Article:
This weekend I had the pleasure of attending and presenting at SQLSaturday #67 and boy do these folks in Chicago know how to put together an event!
Friday night lights
I flew in Friday afternoon and after dropping my bag off at the hotel I headed down to Devry to assist in the prep work for the next morning. When I arrived things were already well in hand and a group of volunteers were hard at work stuffing swag bags. Finishing that led to collating raffle tickets and name badges so that everything was ready for the attendees arrival Saturday.
If you are planning on attending a SQLSaturday event, be it local or remote, please volunteer to assist in the setup. Not only can these events not happen without someone like you being there to help get things ready, but you also get to meet some really cool community people and chat with them. It’s very rewarding and you have no excuse not to.
Once everything was prepped and ready we headed over to a local eatery where SQL Sentry (of the awesome and free Plan Explorer tool) opened up their wallet and paid for the speaker dinner. Please note, this was the first (of many) instances where I looked around the room and inside my head the following played….
Today Is Saturday, Wear A Smile.
As a kid one of my favorite shows was on ITV, it was a hilarious, pie throwing, dog spitting, fly dying couple of hours on a Saturday morning. I loved it. It used to provide that kind of inane grin that you just couldn’t wipe off your face, it was just so enjoyable. That pretty much sums up this event.
I was there nice and early, ready to help if there were any last minute things that needed doing but it was all in hand. I got there just as the bagels and donuts showed up. It was just luck it happened that way, really (oh and it was so good to have Dunkin Donuts again, we don’t get those here out in the PNW).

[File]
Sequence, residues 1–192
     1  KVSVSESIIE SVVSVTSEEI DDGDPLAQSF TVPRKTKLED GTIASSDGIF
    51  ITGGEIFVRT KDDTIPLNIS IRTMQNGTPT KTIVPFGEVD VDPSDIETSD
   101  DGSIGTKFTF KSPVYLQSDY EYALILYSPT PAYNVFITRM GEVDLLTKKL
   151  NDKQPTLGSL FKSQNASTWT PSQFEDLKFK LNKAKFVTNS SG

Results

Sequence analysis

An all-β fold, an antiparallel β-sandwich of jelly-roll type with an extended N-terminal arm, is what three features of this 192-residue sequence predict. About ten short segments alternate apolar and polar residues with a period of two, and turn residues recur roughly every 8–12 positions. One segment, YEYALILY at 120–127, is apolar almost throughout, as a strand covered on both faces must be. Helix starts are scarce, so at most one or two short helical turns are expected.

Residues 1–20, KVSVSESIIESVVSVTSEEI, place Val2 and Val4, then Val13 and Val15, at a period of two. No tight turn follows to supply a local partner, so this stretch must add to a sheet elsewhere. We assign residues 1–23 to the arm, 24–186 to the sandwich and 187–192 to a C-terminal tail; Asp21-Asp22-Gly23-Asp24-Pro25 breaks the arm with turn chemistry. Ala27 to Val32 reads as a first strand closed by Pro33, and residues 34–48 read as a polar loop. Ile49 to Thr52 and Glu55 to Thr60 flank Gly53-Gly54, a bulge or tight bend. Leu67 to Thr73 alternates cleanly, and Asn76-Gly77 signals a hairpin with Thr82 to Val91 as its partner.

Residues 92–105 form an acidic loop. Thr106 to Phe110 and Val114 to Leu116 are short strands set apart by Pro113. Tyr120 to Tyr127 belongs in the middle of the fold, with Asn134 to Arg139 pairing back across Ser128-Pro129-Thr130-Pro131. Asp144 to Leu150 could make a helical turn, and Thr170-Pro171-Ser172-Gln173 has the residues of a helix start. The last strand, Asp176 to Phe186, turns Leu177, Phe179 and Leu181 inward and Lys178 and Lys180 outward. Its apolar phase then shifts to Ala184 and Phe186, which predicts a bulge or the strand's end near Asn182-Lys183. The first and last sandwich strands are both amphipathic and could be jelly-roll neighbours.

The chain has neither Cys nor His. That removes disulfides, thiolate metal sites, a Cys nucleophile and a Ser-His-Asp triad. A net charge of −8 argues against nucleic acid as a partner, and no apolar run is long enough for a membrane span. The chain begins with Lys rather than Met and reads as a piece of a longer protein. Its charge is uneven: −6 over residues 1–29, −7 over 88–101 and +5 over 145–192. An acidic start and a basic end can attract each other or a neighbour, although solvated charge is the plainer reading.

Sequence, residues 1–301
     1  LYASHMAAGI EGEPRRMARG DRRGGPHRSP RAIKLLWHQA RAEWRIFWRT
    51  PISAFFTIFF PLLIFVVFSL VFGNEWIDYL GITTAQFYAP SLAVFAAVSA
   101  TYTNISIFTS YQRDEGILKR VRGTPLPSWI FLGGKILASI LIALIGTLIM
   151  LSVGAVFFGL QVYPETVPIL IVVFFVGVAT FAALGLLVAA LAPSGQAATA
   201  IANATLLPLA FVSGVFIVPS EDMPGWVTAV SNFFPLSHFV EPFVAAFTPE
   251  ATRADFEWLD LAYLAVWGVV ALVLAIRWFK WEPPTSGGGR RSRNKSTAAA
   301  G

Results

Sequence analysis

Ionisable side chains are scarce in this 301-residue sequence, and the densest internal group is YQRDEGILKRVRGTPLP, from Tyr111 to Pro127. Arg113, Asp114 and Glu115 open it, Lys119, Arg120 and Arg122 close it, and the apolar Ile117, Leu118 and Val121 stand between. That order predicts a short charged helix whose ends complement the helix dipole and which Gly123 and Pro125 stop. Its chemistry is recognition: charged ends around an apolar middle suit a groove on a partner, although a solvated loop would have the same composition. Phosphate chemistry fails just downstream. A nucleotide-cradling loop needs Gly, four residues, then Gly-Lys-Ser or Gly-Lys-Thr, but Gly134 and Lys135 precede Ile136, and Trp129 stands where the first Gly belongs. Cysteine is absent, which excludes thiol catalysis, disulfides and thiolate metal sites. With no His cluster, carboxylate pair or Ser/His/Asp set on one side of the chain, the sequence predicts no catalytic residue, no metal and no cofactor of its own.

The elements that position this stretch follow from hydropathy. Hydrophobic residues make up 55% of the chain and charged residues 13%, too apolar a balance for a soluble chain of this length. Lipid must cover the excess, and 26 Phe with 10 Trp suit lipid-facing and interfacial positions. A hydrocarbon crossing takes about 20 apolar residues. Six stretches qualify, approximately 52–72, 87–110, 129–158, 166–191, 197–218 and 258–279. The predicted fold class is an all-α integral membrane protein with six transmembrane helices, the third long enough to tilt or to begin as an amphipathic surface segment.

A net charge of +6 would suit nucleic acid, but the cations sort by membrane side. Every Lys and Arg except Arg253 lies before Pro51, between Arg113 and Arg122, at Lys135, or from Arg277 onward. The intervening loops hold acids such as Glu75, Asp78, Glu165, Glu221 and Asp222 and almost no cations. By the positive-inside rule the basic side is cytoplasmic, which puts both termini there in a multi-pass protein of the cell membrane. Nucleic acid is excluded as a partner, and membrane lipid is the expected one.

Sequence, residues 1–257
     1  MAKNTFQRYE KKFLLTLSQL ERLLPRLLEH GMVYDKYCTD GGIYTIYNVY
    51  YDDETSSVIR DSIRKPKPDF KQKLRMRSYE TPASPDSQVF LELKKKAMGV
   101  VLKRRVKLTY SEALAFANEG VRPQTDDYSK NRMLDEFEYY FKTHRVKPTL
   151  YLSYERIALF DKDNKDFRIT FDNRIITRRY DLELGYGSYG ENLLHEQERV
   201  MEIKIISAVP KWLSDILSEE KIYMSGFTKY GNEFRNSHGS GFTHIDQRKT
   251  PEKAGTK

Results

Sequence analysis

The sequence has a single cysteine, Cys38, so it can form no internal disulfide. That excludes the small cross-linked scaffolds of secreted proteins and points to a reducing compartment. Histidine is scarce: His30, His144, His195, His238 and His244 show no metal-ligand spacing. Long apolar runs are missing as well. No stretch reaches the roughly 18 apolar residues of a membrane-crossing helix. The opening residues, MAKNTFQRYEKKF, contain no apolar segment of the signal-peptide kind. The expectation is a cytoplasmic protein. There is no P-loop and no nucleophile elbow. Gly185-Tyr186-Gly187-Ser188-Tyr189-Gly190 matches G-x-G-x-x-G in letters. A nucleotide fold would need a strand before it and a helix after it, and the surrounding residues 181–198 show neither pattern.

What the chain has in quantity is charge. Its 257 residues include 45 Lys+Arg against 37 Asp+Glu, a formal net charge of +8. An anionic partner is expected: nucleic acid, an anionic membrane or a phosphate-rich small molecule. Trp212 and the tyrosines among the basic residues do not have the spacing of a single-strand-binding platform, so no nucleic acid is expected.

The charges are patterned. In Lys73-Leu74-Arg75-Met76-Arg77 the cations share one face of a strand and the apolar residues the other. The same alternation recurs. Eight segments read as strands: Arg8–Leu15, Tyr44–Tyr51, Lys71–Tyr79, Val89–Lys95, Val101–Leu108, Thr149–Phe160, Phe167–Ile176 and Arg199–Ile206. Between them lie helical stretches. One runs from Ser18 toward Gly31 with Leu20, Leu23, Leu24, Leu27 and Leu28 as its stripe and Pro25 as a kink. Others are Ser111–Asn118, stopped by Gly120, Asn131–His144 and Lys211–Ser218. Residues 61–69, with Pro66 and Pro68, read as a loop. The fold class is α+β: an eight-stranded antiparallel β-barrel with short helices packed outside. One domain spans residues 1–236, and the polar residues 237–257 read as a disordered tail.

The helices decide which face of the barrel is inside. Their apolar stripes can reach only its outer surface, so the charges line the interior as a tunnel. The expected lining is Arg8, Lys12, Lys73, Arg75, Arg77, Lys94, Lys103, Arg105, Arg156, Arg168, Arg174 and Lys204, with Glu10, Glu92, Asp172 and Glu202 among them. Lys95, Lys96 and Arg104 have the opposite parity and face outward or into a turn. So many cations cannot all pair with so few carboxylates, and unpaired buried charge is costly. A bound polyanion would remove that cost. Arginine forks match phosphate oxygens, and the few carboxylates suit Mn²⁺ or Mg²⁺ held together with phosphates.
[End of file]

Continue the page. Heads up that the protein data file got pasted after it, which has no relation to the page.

Attendees started to show up in droves and it started to get crowded pretty quickly so I escaped to the relative quiet of the speaker room.
There was a scary amount of knowledge in that room. Take a look at the session list and you’ll see what I mean. I think that pretty much any question anybody could have come up with as regards SQL Server could have been answered by the combined smarts in there. Did I feel out of place? Heck yeah. That is my issue though because none of the presenters in there were ever anything but awesome. You never get looked down on by these folks, they just treat you like a peer, which I think makes it all the more humbling.
Rather than attend one of the first sessions of the day I decided to put my demos through their paces.
A week before the event I decided to change things up on my session and make the demo’s show their stuff a little better. This lead me to go out and buy a 128GB SSD drive and 8GB of RAM for my laptop and my reinstalling Windows. Then I built 4 shiny new Virtual Machines including a DC, iSCSI targets, a cluster and 3 instances of SQL Server.
I’d had some difficulties getting a mount point working in my cluster before the event but that morning I was able to get it plugged in and working (which probably doesn’t mean much when it comes to the presentation however I was glad to have the functionality show in the demo that this provided). I tested all the demos and felt pretty confident that I was as prepared as I was going to get.